Movies Main
Movies-to-View
Movie Database
Trailer Database
 Close Screen 

 Close Screen 

Dark City

Dark City (1998) Movie Poster
  •  Australia / USA  •    •  100m  •    •  Directed by: Alex Proyas.  •  Starring: Rufus Sewell, William Hurt, Kiefer Sutherland, Jennifer Connelly, Richard O'Brien, Ian Richardson, Bruce Spence, Colin Friels, John Bluthal, Mitchell Butel, Melissa George, Frank Gallacher, Ritchie Singer.  •  Music by: Trevor Jones.
        Upon awakening with a start in an icy bathtub in a strange room--with a woman's dead body inconveniently nearby--John Murdoch can't remember how he got there. With a police detective hot on his trail and a psychiatrist skulking around, Murdoch discovers that the key to his mystery is the presence of strange extraterrestrial creatures, the Strangers, who are experimenting with the memories of the humans in his city--from which there may be no escape.

Trailers:

   Length:  Languages:  Subtitles:
 2:22
 1:58
 
 1:00
 
 

Review:

Image from: Dark City (1998)
Image from: Dark City (1998)
Image from: Dark City (1998)
Image from: Dark City (1998)
Image from: Dark City (1998)
Image from: Dark City (1998)
Image from: Dark City (1998)
Image from: Dark City (1998)
Image from: Dark City (1998)
Image from: Dark City (1998)
Image from: Dark City (1998)
Image from: Dark City (1998)
Image from: Dark City (1998)
Image from: Dark City (1998)
Image from: Dark City (1998)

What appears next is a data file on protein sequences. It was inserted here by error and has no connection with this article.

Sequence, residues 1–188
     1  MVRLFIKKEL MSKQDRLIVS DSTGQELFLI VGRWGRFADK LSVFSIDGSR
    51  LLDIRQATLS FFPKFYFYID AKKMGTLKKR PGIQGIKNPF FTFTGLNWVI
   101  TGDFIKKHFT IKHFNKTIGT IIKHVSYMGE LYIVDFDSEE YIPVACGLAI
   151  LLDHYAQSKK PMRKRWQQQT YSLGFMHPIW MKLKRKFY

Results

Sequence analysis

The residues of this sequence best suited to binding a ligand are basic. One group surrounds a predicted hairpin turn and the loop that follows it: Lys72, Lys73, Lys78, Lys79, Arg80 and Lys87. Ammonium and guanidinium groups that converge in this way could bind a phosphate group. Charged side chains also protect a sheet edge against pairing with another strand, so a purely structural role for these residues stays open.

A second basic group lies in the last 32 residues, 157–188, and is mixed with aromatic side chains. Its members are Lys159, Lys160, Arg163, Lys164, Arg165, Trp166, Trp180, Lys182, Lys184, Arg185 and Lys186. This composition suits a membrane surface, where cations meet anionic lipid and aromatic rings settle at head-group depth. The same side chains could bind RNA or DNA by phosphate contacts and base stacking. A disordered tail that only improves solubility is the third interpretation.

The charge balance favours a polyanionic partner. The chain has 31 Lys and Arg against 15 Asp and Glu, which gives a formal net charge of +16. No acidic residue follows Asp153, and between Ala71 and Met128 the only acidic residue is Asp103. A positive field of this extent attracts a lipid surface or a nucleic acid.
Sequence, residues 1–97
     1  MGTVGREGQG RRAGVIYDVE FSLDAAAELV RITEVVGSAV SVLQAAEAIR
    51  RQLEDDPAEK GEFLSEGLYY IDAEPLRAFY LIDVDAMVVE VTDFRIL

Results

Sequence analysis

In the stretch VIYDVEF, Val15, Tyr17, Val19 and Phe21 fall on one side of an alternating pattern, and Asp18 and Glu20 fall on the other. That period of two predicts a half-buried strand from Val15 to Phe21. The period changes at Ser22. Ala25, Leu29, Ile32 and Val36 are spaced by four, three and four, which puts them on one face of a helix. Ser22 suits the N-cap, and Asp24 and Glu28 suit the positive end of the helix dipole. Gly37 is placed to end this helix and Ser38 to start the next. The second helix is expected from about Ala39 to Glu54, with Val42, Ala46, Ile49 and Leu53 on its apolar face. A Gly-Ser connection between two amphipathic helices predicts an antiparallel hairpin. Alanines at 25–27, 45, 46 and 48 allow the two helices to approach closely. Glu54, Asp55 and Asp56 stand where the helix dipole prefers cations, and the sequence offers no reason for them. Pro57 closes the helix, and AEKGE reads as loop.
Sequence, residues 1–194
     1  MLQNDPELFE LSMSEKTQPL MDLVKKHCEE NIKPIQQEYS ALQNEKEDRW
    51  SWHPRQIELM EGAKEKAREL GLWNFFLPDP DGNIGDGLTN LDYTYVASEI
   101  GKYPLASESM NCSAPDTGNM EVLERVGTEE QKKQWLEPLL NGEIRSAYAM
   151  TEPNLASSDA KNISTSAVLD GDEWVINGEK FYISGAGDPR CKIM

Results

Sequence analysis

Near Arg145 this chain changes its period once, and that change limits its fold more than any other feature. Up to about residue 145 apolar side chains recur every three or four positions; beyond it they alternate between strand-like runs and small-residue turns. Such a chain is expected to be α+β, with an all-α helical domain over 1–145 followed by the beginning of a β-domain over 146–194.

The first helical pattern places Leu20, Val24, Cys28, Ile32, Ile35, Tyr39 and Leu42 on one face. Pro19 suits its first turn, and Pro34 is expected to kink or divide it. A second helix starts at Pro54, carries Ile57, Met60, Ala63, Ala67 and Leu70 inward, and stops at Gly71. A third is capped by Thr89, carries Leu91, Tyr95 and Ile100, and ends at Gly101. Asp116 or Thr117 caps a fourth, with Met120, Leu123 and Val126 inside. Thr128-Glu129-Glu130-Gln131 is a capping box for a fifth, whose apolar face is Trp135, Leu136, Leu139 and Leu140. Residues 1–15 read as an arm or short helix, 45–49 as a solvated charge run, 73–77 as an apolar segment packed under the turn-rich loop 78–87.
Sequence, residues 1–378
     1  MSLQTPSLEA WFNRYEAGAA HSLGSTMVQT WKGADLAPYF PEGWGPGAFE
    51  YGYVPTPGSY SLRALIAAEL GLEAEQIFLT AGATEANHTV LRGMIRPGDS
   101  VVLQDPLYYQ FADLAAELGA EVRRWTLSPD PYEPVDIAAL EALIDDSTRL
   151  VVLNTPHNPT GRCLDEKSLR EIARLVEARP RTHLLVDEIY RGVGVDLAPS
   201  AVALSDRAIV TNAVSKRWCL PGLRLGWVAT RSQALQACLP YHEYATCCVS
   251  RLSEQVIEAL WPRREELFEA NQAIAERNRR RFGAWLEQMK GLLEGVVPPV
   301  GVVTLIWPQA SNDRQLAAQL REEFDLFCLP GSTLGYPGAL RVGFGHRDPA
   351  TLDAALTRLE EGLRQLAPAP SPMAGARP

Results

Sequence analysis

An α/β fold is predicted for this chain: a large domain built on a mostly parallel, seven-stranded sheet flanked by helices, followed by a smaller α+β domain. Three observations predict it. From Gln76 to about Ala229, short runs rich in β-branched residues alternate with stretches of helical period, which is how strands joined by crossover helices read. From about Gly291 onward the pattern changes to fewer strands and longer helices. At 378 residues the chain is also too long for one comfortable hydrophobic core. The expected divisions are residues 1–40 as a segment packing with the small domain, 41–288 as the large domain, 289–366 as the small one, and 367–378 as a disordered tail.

Watching DC brought to my memory a thought experiment Borges proposed some 60 years ago: imagine that Creation took place only 5 min. ago and that all memory, proof, we have of a past before that has been implanted on us, planted there. It seems an absurd idea, but one we got no way to disproof, as we are hopelessly anchored in the present, prisoners of the "now" instant. I don't know if Proyas was aware of Borges' work when writing his script--but this proves anyway that he was aware of the same paradox. (BTW, I don't think memories have anything to do with our essential beings. I'm a firm believer in ours existences being--deep down--absolute, unchangeable, unaffected by any contingency).

I watched DC once and I dismissed it like just another pretentious cartoon. But then I read some reviews here, which made me take a 2nd, and then a 3rd look at it and what do you know: it started looking like something of a classic. But to conclusively recognize it as such we first have to submit it to a rigorous test to verify if it fills up the requirements. So let me get hold of my Masterpiece Measuring Tape (MPMT) now...there. Now, the 1st condition a MP must fulfill is that of coming in a tight package--it must show great internal coherence and consistency--and be also top loaded with metaphors, symbolism; and be fully contained in its first scene. DC fulfills these requirements but only if we see it in a totally different way from which some reviewers have been seen it. This isn't about a super hero, see, but about a man who is unconscious, dying, or maybe dead. (Sorry, but you asked for it).